And if that isn’t enough, the final aspect that brands need to consider is also the trickiest. Unlike buying clicks via Adwords or Sponsored Tweets (where a brand is guided through a carefully designed setup process, followed by the immediate gratification of their pre-purchased clicks) the world of word-of-mouth and influencer marketing is like the Wild West of marketing. Aside from some mild FTC restrictions, it’s largely an unmoderated and an “anything-goes” sort of setup. No one is in charge. Millions upon millions of bloggers and social influencers are deciding willy-nilly what the going-rate is for their endorsement. Influence ain’t cheap! Additionally, results are not guaranteed. Brands are essentially placing bets on who is going to pay off for them. And these bets require a hefty amount of due diligence due to the fact that many social influencers resort to shady tactics like buying followers and inflating their vanity metrics in order to boost their appeal.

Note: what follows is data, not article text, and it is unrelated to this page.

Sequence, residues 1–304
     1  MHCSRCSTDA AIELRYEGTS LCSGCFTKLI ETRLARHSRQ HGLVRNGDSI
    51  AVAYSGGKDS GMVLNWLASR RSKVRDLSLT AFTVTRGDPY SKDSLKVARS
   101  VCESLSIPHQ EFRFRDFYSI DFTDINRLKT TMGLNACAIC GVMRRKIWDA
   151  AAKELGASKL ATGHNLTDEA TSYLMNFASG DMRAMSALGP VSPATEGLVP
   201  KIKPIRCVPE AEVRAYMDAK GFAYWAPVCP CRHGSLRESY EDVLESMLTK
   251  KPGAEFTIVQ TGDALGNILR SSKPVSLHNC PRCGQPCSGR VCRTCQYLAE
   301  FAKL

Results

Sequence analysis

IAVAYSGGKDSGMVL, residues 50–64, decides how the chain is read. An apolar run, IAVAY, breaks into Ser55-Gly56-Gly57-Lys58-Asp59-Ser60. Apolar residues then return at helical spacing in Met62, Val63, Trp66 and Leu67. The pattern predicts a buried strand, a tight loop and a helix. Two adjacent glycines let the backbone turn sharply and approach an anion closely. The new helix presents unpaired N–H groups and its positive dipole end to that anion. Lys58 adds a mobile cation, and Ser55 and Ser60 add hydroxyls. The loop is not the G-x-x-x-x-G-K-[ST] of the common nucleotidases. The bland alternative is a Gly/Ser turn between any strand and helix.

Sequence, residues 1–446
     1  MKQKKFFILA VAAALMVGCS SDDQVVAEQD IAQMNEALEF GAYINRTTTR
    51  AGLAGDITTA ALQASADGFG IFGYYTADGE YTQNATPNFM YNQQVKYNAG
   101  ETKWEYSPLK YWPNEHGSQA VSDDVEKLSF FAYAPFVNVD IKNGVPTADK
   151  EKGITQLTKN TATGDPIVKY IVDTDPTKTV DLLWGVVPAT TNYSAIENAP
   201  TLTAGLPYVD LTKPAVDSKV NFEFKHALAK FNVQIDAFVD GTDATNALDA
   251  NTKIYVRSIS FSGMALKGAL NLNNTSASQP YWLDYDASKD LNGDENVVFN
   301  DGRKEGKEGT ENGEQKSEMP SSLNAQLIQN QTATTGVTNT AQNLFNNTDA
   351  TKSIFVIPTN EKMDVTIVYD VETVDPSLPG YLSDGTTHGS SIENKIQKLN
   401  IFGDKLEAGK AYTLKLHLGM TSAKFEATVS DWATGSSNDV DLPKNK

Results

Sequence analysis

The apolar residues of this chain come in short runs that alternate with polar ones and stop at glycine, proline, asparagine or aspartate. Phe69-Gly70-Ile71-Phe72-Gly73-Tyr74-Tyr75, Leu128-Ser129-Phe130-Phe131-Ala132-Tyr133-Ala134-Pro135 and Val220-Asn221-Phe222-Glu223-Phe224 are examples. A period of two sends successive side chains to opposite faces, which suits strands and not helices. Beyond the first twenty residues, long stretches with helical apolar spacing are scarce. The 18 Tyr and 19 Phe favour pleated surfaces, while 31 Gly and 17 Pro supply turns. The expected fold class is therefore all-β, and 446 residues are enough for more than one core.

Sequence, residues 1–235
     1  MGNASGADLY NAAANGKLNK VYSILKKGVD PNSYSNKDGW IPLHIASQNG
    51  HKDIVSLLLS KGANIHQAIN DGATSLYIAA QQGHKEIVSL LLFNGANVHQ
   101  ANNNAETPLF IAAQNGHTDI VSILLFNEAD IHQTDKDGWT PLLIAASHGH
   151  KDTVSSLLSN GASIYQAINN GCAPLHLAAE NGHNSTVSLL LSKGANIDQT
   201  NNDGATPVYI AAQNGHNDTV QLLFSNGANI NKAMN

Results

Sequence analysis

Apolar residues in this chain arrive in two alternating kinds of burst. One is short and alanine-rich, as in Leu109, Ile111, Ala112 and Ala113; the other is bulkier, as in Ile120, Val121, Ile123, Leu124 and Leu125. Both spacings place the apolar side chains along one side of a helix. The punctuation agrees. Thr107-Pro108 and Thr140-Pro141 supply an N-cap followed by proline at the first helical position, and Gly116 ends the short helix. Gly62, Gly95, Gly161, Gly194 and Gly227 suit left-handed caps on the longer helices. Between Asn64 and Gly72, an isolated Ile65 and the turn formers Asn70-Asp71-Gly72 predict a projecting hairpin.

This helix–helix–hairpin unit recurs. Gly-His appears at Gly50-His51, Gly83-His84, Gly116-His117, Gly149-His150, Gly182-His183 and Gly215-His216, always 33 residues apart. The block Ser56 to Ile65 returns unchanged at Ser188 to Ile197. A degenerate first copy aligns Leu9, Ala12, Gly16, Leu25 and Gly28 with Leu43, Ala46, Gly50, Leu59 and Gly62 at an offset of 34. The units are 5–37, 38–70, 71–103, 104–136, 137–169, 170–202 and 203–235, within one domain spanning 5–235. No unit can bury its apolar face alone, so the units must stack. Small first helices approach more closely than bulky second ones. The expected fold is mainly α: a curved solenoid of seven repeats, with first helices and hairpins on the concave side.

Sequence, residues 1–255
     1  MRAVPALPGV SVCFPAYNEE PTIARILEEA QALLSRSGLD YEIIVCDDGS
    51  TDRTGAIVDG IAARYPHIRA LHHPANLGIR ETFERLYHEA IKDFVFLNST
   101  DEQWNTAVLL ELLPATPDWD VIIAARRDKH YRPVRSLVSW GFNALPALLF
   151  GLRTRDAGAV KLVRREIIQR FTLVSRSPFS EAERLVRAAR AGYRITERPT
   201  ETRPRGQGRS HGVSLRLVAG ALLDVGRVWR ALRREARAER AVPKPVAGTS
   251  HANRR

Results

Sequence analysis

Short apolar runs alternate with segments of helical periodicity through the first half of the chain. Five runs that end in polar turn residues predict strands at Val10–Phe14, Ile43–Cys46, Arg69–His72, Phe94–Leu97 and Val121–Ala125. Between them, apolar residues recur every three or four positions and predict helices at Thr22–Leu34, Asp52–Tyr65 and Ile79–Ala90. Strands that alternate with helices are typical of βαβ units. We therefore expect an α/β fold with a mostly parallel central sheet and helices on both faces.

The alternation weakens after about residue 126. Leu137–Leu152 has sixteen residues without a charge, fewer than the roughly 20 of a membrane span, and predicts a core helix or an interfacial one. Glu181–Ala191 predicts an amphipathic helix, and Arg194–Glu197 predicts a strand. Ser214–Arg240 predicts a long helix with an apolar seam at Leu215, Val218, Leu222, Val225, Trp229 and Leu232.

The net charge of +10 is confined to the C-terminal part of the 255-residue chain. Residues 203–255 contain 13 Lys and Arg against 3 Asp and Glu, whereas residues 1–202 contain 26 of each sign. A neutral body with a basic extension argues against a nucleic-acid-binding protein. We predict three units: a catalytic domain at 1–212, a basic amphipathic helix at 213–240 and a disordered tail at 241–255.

It’s Worth Getting Your Hands Dirty
Despite all of the annoyances that come with this new territory, brands are going all-in because the ROI potential is quickly surpassing that of more traditional forms of marketing, with many brands seeing unprecedented returns when marketing through their more vocal and influential customers.
On average, marketers who implemented an Influencer Marketing program in 2014 received $6.85 in earned media value for every $1.00 of paid media! Three industries performed above the $6.85 average, consumer packaged goods and food generated $11.33 per $1.00 spent, and retail and apparel generated $10.48. (More stats available in our Influencer Marketing Infographic here.)
So despite the mayhem that one can expect when jumping into the influencer marketing scene, brands don’t have much of a choice. Those who decide to sit out are going to get left behind. According to Social Media Today, 74% of global marketers say they will use ‘influence marketing’ as part of their marketing strategy in the next 12 months. What’s more, Adweek points out that nearly 60% of marketers plan to boost influencer marketing budgets.